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Apology, research funds sought: Ukrainians delay internee redress bid

Written by David Roberts

Winnipeg Free Press
29 October 1988

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Internees at work, near Spirit Lake internment camp, Quebec (Photo courtesy of Y. Luhovy)

Ukrainian Canadians say they want an apology and $563,000 to write two books on First World War ethnic internment and to study how much compensation the 10 to 20 surviving internees might receive.

Lubomyr Luciuk of the Ukrainian Canadian Committee said representatives received a positive response yesterday from Multiculturalism Minister Gerry Weiner on five proposals concerning the internment of about 5,000 Ukrainians between 1914 and 1920.

"It was an extremely satisfying meeting," Luciuk said of the 45-minute meeting in Toronto.

"Mr. Weiner indicated a number of his cabinet colleagues look favorably on the issue. Mr. Weiner appeared receptive and said the government would act expeditiously on this."

Historical markers

Earlier this week, Wasyl Werbeniuk, the committee's executive director, complained that a Free Press report was erroneous when it said the committee's proposal included a request for compensation for internees.

"I cannot advise what the proposals are, but I can categorically advise that monetary redress is not included," Werbeniuk said.

Ukrainian officials say as many as 20 former internees are still alive, but no figure as to possible compensation for them has been discussed with Ottawa.

Luciuk said the committee's proposals to Weiner included requests for:

  • A formal government apology for the internment of Eastern Europeans between 1914 and 1920.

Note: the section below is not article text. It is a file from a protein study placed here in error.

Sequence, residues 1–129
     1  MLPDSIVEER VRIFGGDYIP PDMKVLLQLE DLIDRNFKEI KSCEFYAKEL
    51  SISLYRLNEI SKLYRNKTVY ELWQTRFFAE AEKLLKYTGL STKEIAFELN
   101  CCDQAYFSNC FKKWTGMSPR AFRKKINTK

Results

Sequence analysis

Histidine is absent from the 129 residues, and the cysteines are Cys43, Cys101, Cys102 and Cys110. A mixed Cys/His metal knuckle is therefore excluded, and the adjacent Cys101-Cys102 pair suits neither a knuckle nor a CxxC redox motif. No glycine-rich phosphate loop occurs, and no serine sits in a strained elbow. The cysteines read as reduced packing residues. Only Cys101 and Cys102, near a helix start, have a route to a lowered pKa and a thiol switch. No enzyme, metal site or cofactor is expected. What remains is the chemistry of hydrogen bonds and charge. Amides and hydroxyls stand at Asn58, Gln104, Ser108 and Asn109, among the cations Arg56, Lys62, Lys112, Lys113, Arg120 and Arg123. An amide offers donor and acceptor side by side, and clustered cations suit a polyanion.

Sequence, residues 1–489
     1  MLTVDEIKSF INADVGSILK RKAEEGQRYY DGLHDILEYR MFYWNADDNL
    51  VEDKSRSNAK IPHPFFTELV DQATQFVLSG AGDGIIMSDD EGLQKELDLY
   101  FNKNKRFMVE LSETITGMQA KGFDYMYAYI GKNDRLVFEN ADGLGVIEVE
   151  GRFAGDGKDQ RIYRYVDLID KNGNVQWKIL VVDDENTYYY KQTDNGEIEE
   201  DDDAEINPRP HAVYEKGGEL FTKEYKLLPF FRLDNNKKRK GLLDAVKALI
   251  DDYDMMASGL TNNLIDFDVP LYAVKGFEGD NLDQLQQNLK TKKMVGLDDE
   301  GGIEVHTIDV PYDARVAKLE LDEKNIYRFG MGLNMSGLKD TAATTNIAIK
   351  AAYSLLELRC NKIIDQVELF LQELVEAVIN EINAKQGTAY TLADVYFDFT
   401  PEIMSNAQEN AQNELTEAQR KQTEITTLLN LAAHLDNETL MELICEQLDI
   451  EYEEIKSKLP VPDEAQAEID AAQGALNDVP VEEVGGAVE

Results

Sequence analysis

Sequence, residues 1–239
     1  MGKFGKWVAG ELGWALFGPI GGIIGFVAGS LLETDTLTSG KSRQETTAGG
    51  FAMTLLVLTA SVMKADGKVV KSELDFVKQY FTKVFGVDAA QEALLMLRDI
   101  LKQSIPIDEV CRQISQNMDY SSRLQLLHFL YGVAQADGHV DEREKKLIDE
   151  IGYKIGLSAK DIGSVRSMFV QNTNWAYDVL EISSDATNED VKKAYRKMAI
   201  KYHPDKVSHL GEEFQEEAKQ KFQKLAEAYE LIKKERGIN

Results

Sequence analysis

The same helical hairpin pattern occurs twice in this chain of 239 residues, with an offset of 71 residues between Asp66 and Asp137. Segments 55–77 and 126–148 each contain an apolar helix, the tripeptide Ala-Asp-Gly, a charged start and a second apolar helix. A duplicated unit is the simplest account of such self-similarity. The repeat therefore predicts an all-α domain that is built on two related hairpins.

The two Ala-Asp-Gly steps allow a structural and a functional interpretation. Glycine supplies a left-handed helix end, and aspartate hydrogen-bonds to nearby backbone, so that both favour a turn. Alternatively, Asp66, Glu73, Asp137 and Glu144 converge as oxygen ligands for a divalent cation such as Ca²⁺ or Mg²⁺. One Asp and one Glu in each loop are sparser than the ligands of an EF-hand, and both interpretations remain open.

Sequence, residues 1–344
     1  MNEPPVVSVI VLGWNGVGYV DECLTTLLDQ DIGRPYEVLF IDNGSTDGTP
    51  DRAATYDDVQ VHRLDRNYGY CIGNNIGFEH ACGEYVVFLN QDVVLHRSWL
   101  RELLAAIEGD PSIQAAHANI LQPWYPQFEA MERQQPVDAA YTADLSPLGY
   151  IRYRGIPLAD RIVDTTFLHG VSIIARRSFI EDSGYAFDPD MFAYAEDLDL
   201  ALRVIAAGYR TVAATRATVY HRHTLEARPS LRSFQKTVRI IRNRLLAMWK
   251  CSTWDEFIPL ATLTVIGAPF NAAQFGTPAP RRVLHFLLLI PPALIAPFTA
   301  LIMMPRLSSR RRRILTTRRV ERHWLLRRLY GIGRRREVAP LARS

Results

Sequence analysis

• Parks Canada construction of historical markers at the sites of the 26 former internment camps across Canada.

  • Parks Canada restoration of the former Castle Mountain camp in Alberta.

  • An amendment to the federal Emergencies Act, which the committee claims allows for the arbitrary internment of foreign citizens in a national crisis. Luciuk said nearly one million Canadians also hold Soviet citizenship by virtue of Soviet law.

  • A government grant of $363,000 to the Ukrainian Canadian Committee for research, educational and archival studies on the internment and for the production of two books -- one French, one English -- on the internment episode. The committee also wants a government grant of $200,000 for an independent economic impact study that would serve as a guide to future monetary compensation for surviving internees.

    John Gregorovich, chairman of the civil liberties commission of the Ukrainian Canadian Committee, and Dr. Dmytro Cipywnyk, the committee's president, also said Weiner responded positively to the proposal.

    "We can't draw a (compensation) figure out of the air," Cipywnyk said, adding an independent review of the economic damage to internees would provide a starting point for future compensation negotiations with the federal government.

    "The main thing at this point is an acknowledgement that it was wrong," Gregorovich said.

    He said 8,500 people were interned by the Canadian government between 1914 and 1920. About 3,000 of these were prisoners of war. The remainder were Ukrainians, Slovaks, Czechs, Serbs, Croatians and members of other Eastern European ethnic groups.

    A further 88,000 people, mostly Ukrainian Canadians, were labelled "enemy aliens," and were forced to report regularly to police and had to carry identity papers at all times.

    Earlier this year, survivors and relatives of some 21,000 Japanese Canadians interned during the Second World War received an official apology from Ottawa, along with $288 million in compensation.

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    Copyright © 1994 Ukrainian Canadian Civil Liberties Association

    Copyright © 1994 Lubomyr Luciuk

    We acknowledge the help in the preparation of this document by Amanda Anderson

    Page layout, design, integration, and maintenance by G.W. Kokodyniak and V. Pawlowsky

    Copyright © 1996-1997 InfoUkes Inc.


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    Originally Composed: Sunday September 22nd 1996.
    Date last modified: Thursday October 30th 1997.